It takes 2 maybe 3 minutes.

It is that simple.  Pause.  Take a breathe or two or ten.  Go back to the task at hand or move on to the next one.  I think you’ll find you do so with more ease.

Slowing down is an act of self love.  It is a simple way to care for our bodies, minds, and spirits.  This concept is what we will be working with in all of my September classes and circles.

I invite you find ways to change your pace this month and to love yourself with each change you make.  If you’re having trouble getting off the crazy go round and making a moment of peace happen for yourself, reach out to me and let’s create a slow down plan together.

Brooklyn Was My Chrysalis

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In the beginning of this year my husband, Michael, and I decided it was time to say farewell to Brooklyn and move to New Jersey.  We spent months looking for houses on the weekend and getting our apartment ready to sell during the week. Somewhere in the whirlwind of simultaneously selling our apartment and buying a house, Michael got promoted and the baby we had been trying to conceive for the last year made his way into my womb. I found out I was pregnant three weeks before we were closing on both places and moving.

In the midst of making all of our major life changes at once, I didn’t have a chance to acknowledge what leaving Brooklyn meant for me.

As the months have gone by, I’ve noticed every time I see a butterfly I think of Brooklyn. Seemed weird to think of the borough where butterflies aren’t abundant until I realized butterflies are the first creature that comes to mind when we talk about transformation.

Wrapped in the safety of the chrysalis, the caterpillar breaks itself down and digests all of what it had been, leaving behind only what it needs to become a butterfly.  It emerges looking completely different and with new abilities.   It goes in one creature and comes out another version of that same creature.

Brooklyn was my chrysalis.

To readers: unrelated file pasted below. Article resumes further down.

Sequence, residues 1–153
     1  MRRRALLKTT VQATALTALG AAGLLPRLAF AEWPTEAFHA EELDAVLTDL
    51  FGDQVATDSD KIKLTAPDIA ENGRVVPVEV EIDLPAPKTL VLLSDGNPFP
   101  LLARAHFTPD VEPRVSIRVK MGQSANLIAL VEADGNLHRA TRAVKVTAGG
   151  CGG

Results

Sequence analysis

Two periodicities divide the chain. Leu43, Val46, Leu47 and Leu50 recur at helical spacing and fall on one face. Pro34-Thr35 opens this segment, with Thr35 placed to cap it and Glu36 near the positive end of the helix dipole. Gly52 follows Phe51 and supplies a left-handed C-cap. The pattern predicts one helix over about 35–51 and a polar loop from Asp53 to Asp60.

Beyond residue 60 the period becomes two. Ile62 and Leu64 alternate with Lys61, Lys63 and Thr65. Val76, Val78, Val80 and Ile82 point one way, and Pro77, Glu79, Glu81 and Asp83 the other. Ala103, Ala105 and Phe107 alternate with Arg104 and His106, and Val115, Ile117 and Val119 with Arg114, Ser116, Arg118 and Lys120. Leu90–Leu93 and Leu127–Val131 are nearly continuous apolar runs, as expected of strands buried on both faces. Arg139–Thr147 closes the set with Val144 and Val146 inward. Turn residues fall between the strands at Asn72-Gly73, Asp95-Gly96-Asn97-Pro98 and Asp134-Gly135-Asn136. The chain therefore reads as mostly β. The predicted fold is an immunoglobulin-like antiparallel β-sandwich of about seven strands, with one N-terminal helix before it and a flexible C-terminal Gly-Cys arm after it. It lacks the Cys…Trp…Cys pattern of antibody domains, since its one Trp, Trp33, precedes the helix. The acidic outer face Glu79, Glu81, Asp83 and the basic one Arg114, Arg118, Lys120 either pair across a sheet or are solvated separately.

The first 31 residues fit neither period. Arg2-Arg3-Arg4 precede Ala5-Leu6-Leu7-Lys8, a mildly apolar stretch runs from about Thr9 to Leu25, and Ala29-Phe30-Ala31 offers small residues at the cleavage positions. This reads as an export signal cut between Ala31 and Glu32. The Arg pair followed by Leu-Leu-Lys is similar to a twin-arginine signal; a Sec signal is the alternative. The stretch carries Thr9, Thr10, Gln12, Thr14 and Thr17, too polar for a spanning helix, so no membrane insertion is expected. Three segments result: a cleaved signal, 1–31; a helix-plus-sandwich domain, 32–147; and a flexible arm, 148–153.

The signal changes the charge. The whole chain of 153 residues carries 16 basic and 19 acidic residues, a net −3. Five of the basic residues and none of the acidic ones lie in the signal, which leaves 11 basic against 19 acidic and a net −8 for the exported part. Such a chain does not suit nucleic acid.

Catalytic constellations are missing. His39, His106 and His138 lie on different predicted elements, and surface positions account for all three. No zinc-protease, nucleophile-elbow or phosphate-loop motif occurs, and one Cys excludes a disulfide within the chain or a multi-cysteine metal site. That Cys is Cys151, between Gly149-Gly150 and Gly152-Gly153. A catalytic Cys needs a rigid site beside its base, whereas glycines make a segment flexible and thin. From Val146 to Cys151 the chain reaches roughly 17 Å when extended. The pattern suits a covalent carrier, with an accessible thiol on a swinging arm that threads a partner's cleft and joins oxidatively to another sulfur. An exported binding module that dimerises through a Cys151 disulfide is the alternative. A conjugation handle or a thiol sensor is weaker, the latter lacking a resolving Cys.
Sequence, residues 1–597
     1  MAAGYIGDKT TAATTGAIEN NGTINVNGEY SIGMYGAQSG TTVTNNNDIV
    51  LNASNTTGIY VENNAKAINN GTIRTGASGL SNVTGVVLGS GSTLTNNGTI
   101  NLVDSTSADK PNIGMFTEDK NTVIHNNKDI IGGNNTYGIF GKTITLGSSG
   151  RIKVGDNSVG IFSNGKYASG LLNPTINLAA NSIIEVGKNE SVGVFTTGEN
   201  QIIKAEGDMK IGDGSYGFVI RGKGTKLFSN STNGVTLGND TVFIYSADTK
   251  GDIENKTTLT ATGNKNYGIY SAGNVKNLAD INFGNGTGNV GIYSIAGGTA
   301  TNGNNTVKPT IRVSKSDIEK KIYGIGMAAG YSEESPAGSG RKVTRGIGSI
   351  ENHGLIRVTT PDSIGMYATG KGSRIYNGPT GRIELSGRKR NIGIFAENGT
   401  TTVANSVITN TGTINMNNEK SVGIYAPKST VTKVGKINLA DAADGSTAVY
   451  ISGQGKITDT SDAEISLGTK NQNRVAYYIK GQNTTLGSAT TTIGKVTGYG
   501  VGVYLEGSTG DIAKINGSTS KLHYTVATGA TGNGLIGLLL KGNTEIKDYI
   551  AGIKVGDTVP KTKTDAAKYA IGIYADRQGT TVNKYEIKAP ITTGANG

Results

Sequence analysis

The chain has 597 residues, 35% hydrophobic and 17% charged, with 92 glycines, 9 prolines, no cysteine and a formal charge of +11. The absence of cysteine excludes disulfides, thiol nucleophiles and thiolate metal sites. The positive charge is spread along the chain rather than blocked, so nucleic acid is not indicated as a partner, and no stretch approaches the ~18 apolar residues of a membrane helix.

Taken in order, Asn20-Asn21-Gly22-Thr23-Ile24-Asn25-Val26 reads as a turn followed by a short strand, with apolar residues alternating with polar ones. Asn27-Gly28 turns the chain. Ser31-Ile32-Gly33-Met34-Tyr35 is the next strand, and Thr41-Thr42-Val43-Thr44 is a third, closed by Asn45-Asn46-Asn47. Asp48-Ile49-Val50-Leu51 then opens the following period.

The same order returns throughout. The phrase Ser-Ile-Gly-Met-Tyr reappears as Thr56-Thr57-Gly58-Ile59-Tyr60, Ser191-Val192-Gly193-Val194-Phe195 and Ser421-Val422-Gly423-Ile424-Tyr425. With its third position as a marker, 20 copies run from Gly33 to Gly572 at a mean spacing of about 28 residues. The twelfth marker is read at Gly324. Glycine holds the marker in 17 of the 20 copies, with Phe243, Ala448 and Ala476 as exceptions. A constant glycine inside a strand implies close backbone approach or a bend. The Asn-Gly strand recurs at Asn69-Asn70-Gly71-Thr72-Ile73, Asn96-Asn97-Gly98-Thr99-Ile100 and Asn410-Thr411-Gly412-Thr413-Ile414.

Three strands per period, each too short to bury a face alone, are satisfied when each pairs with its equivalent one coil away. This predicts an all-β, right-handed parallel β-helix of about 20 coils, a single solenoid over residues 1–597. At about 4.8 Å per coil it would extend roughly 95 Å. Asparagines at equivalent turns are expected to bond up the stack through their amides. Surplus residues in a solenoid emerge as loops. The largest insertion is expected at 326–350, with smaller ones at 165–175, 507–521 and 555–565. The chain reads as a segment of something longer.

I always smile to myself when I think about how I had never been to Brooklyn before meeting Michael and yet it became, in a very short period of time, a personal slice of heaven.  I started to live life differently than I had before.  I explored our neighborhood and got around on the subway.  I was interested in events and fell in love with the flea market.  I found peace in the chaos of the city and a love with Michael like I had never known before.  I felt different and somehow the same.

Shortly after my move to Brooklyn I remembered something I had learned in my 20s after moving out of my parents’ house: You can change your location but your issues don’t stay in your previous zip code. They were already packed up and ready to go before you even thought about moving, and during times of transition, those issues tend to get exposed because it is challenging to make it to the other side of change while keeping our grip on the veil we’ve held over them.

When the veil slips, we have the choice in what to do next.  We can choose to keep replacing the veil knowing that it is going to slip again or we can invite our shadow self into the light to be witnessed and healed.  I chose to become the caterpillar in the chrysalis, lovingly breaking myself down and digesting all that I had been.  I discovered many pieces of myself I liked, some I loved, and some that still need tenderness and care but all came with me into the next phase of transition.

My metamorphosis continues here in New Jersey.  I’ve healed and continue to do so on levels deeper than I ever thought possible.  My shadow and my light have become equals. I am facing the challenges of my life now with compassion, grace, and curiosity. As I was writing this piece my thoughts kept going back to the caterpillar and how s/he only gets to go through metamorphosis once in a lifetime.  We as human beings get to go through it over and over again, on different levels, and in different ways.

I am getting ready to launch my new business.  I am leaving behind the work that didn’t feed my soul and embracing my calling as a teacher and healer.  I am 6 months pregnant. I am no longer a maiden and am stepping into the role of mother with the birth of my son in the next three months.  I am seeing my wings emerge and am remembering fondly what it means to be a caterpillar. I will again be the caterpillar held within the chrysalis, breaking myself down, digesting what does not serve, and emerging a new version of myself.

Metamorphosis is not for the faint of heart but it sure as hell is worth it!

 

butterfly 2 from lisa pm